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Women’sAid #TooIntoYou Campaign Empowers Young People To Recognise And Address Abusive Behaviours In Intimate Relationships

Women’s Aid, the largest domestic violence organization in Ireland has launched their #TooIntoYou campaign as part of their ongoing efforts to address the impact of domestic violence and abuse. The campaign which started 10 years ago was set up to understand how young women were experiencing abuse due to a rise in the rate at which young women sought Women’s Aid helpline and frontline services. The campaign is focused on raising awareness about the differences between healthy and unhealthy relationships, educating young people, particularly young women, about the signs of abuse and the means of support that are available to them.

At a launch today, Mary Hayes, the project lead for women’s aid #TooIntoYou campaign spoke about results from the studies on intimate relationship abuse carried out by women’s aid which revealed that 1 in 5 young women aged 18-25 have been abused by current male partner or ex, 9 in 10 women experience emotional abuse and 1 in 3 never told anyone about the abuse they were subjected to. ‘Emotional abuse can have a really detrimental impact on a young person life especially if it’s their first relationship and they have nothing to compare it to’ she said as she proceeded to speak on the mental health impact of intimate relationships abuse she mentioned that low self-esteem, anxiety, depression, post-traumatic stress disorder, withdrawal from family, friends or social events, suicidal thoughts and suicide are commonly experienced by women who suffer abuse.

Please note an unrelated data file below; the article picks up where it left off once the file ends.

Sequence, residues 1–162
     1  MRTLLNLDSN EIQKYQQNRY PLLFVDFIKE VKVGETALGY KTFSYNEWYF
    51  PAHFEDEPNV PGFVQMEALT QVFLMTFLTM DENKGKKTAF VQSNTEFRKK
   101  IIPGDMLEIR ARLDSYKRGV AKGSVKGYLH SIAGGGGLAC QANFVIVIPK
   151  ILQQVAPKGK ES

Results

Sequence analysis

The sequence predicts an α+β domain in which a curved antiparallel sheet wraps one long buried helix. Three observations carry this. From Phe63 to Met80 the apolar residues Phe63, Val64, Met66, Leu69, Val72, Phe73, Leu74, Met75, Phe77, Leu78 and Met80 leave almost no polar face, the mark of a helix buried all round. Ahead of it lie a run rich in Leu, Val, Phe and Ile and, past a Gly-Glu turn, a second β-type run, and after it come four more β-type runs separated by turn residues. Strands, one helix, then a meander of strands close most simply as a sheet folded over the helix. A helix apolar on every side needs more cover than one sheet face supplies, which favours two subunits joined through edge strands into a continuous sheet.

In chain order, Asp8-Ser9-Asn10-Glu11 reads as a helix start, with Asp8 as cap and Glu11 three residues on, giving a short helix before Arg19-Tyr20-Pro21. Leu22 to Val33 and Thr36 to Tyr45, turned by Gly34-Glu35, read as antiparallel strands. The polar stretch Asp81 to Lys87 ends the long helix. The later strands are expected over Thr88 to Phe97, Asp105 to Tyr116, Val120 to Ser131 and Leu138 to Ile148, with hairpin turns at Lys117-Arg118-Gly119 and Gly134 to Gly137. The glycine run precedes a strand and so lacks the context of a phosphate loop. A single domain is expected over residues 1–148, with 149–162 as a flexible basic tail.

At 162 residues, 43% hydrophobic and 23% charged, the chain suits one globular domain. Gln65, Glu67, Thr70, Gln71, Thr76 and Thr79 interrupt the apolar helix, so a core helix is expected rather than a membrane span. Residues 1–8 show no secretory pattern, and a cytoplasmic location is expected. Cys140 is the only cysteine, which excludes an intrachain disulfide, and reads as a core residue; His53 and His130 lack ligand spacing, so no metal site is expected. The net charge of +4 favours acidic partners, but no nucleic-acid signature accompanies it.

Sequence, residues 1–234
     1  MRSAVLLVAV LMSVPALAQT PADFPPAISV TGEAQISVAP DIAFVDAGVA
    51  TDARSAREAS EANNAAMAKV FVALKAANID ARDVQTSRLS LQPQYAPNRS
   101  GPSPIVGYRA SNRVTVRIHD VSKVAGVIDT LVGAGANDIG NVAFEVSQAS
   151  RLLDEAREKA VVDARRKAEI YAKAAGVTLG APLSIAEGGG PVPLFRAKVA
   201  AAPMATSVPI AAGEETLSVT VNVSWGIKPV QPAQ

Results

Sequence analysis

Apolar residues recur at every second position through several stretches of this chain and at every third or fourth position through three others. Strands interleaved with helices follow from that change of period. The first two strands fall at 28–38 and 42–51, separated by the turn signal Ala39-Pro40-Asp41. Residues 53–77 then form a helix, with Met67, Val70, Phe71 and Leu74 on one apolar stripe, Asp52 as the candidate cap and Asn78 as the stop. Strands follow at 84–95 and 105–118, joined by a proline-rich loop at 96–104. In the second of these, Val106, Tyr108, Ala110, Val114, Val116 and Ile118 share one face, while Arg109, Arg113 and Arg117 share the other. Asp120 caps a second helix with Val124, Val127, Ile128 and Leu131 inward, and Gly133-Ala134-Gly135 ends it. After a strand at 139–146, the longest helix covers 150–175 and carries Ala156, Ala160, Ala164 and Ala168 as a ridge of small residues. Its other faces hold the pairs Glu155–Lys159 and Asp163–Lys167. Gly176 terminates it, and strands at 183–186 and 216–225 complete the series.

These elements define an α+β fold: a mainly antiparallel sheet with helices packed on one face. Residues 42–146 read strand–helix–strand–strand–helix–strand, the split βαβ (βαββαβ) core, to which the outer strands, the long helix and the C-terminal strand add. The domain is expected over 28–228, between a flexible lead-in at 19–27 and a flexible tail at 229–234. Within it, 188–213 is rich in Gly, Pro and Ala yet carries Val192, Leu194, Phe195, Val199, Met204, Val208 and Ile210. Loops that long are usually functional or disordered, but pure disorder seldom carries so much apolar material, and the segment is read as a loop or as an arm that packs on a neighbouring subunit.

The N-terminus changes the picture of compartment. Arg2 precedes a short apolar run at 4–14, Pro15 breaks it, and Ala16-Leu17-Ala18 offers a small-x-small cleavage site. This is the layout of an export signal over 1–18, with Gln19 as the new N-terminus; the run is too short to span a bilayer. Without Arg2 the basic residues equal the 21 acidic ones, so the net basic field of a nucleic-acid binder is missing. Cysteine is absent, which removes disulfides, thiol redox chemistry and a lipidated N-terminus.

Speaking about the things the government can improve to help the people who are affected Mary revealed “The current curriculum on the relationship and sex education in secondary schools is currently being reviewed so we put in a submission to say that the new curriculum has to include information on intimate relationship abuse, the types of abuse and supports that are there, red flags, and for them to learn about things like coercive control”. She continued by stating that many charity organisations like Women’s Aid are limited in resources and the government needs to make a commitment to more funding that would improve their services.

Mary spoke on the support system put in place by women’s aid to help combat intimate relationship abuse some of which includes educative processes to help young women recognise abuse, relationship quiz, counselling, educating parents, a legal drop-in clinic, guidance through legal protection, connecting women with safe refugee centres around the country and continually training staffs and volunteers. She also mentioned working with other organisations like the ‘Dublin rape crisis centre’, ‘Belong To’ and ‘The Shona Project’ to help women across the country and concluded by stating that Women’s Aid will continue to work on initiatives that reflects the organisations vision of an equal Ireland with zero tolerance for all forms of violence against women.

If you or anyone you know is affected by intimate relationship abuse support is available at Women’s Aid, The helpline:1800341900, is open 24 hours a day, 7 days a week, while the instant message support service: is open morning and evenings, 7 days a week.

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